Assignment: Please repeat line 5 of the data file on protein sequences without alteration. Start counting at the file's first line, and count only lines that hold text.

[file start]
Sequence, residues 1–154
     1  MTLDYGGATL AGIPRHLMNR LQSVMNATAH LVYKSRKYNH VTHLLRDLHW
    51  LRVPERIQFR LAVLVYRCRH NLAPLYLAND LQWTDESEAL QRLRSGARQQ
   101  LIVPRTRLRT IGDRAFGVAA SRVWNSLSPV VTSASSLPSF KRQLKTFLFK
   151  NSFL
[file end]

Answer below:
   151  NSFL